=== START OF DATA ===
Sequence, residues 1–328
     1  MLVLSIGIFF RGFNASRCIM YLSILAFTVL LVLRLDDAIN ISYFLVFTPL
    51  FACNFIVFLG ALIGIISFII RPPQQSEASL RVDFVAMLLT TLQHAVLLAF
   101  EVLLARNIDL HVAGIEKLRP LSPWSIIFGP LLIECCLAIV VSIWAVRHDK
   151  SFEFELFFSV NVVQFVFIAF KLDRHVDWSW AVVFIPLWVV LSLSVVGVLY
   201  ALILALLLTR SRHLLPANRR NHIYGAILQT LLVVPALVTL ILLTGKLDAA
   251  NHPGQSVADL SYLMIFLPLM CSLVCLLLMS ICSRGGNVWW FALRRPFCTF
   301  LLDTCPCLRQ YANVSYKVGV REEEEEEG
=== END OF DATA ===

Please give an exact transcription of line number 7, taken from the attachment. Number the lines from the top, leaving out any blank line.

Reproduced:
   251  NHPGQSVADL SYLMIFLPLM CSLVCLLLMS ICSRGGNVWW FALRRPFCTF